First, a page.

The Internal Revenue Service may possibly be misused to audit conservative groups, leading Republicans say, according to The New York Times.
The Muscular Dystrophy Association announced plans Wednesday to shorten its annual Labor Day fund-raising telethon from 21.5 hours to six hours starting next year, the Chicago Tribune writes.
Massachusetts Attorney General Martha Coakley has recommended approval of a deal to turn the nonprofit Caritas Christi Health Care system into a chain of for-profit hospitals, says The Boston Globe.
The Bill & Melinda Gates Foundation is supplying a $1.5-million grant to ABC News to expand coverage of global health issues, according to The New York Times.
The Partnership for a Drug-Free America, which produced the iconic “this is your brain on drugs” commercials of the 1980s and '90s, has renamed itself as the Partnership at Drugfree.org, the Associated Press writes.
The billionaire financier Vinod Khosla says he will pump the approximately $117-million he made from the public offering of an Indian microfinance company in which he invests into other for-profit ventures that seek to fight poverty in the developing world, says The New York Times.
Two campaign-finance watchdog groups have asked the Internal Revenue Service to investigate a nonprofit advocacy group affiliated with the Republican political adviser Karl Rove, writes The New York Times.
Bankers who serve some of country’s wealthiest people say the continuing downturn is deterring rich Americans from increasing their giving, Reuters writes.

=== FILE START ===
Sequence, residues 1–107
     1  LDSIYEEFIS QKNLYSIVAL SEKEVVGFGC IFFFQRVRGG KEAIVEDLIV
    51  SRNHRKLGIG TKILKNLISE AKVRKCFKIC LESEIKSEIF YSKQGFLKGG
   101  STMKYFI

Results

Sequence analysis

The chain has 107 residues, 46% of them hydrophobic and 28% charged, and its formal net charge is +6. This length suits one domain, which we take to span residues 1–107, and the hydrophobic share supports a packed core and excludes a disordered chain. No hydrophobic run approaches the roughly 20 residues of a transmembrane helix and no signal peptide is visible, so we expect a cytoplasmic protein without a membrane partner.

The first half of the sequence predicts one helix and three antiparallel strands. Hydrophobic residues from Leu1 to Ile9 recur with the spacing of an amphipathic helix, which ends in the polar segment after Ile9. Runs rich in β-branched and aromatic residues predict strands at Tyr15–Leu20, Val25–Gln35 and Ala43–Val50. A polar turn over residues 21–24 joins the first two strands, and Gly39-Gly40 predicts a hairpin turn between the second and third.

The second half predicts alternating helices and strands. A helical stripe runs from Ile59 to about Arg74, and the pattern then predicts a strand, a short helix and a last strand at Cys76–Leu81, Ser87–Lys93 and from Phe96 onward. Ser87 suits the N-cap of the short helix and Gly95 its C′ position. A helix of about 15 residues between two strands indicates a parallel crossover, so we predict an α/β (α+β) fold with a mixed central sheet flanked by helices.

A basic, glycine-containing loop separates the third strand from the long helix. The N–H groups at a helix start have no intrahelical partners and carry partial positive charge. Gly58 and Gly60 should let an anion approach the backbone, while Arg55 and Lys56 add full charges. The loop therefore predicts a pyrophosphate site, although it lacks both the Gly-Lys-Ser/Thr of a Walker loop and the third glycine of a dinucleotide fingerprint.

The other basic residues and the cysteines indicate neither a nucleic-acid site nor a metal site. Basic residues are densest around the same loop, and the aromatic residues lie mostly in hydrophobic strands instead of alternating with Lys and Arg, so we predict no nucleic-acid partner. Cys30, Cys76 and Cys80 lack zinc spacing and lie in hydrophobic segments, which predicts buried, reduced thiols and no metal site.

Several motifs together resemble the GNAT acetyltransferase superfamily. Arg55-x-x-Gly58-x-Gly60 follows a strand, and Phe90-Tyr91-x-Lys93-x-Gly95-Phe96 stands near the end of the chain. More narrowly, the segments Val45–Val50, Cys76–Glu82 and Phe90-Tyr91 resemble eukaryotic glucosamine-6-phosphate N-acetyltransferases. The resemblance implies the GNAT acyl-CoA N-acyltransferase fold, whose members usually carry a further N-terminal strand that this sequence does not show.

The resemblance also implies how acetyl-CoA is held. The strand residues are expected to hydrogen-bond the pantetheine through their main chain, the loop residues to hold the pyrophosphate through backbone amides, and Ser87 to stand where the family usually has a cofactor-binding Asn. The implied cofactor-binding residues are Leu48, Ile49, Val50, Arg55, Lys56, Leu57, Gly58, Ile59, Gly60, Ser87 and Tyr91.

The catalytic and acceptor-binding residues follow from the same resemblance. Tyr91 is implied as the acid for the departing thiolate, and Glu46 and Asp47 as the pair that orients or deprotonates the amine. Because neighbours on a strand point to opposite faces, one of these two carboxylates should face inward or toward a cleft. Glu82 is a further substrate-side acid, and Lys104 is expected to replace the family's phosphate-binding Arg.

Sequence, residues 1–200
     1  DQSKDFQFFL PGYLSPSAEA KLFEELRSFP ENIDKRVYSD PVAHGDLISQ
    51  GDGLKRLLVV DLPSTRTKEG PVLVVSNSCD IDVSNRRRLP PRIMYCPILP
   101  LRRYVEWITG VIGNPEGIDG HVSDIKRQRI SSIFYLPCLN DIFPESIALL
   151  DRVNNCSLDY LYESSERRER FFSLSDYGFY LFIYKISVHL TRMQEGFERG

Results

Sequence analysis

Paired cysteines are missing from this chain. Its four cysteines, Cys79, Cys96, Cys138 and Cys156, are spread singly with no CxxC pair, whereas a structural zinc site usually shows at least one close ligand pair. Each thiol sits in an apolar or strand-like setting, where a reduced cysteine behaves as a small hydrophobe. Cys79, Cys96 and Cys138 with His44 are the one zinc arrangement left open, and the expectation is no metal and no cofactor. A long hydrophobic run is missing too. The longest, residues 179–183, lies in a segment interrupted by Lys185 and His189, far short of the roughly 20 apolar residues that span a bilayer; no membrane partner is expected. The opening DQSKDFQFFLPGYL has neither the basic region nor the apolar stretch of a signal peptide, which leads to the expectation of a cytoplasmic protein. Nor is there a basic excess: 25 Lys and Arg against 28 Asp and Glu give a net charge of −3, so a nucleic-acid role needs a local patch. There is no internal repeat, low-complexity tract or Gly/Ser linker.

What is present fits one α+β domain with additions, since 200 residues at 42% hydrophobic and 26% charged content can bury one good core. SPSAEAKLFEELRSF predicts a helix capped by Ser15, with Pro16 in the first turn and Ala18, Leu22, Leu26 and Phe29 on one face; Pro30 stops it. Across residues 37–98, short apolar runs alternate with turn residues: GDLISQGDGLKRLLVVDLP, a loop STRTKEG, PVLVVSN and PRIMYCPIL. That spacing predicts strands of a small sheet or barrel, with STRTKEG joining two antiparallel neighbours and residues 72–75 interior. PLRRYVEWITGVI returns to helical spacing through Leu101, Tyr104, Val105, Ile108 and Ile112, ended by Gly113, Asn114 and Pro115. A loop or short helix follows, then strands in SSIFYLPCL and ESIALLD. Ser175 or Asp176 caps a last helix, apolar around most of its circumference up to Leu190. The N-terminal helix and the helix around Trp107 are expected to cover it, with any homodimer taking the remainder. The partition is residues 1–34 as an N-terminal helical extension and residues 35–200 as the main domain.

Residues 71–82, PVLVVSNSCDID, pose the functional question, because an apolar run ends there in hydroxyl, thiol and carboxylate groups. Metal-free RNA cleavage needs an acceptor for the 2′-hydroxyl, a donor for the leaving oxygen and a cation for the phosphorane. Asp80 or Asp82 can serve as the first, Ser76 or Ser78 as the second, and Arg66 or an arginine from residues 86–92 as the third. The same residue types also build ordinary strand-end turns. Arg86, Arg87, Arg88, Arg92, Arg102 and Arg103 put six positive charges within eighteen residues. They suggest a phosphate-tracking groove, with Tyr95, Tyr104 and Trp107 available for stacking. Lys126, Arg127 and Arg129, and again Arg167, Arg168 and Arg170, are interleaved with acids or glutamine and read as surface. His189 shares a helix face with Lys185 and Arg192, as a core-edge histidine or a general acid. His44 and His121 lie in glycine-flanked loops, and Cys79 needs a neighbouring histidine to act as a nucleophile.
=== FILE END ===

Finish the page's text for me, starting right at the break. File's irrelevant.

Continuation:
Governments from around the world on Tuesday promised $11.7-billion over the next three years to fight AIDS, tuberculosis, and malaria, up more than 20 percent over their 2008-10 commitment but well below the amount deemed necessary to meet United Nations goals to beat the diseases, writes the Associated Press.
The New York Public Library is to name Anthony W. Marx, president of Amherst College in Massachusetts, as its new leader Wednesday, according to The New York Times.
Sidney J. Weinberg Jr., a senior director of Goldman Sachs who gave some $50-million to health, science, and education institutions, died Monday at his home in Massachusetts, The New York Times reports.
Henry Kravis, a co-founder of the private-equity firm Kohlberg Kravis & Roberts, has pledged $100-million to expand Columbia Business School, reports Bloomberg.
Public-interest groups are raising questions about major telecommunications companies’ donations to minority organizations that have run advocacy efforts in behalf of their corporate benefactors, according to the Los Angeles Times.
Several New York State museum executives and legislators are criticizing a state board’s surprise decision last month to abandon regulations barring institutions from selling works to cover operating expenses, says The New York Times.
Trevor Rees-Jones, chief executive of Chief Oil and Gas, in Dallas, has given $25-million to a local Boy Scouts chapter, says the Dallas Morning News.
Retail mogul Leon Levine’s philanthropy has pledged $20-million to establish a cancer-treatment facility at Charlotte’s Carolinas Medical Center, writes the Charlotte Business Journal.
Caritas Christi Health Care, Cerberus Capital Management, and the Massachusetts attorney general’s office are reportedly near a deal to approve Cerberus’s purchase and privatization of Caritas, a nonprofit hospital network, according to The Boston Globe.
Britain’s Charity Commission has approved nonprofit status for a druid organization, marking the country’s first official recognition of the ancient practice as a religion, the BBC and Third Sector Online report.
The Bill & Melinda Gates Foundation will commit $34.8-million over five years to increase graduation rates at the nation’s two-year colleges, reports The Washington Post.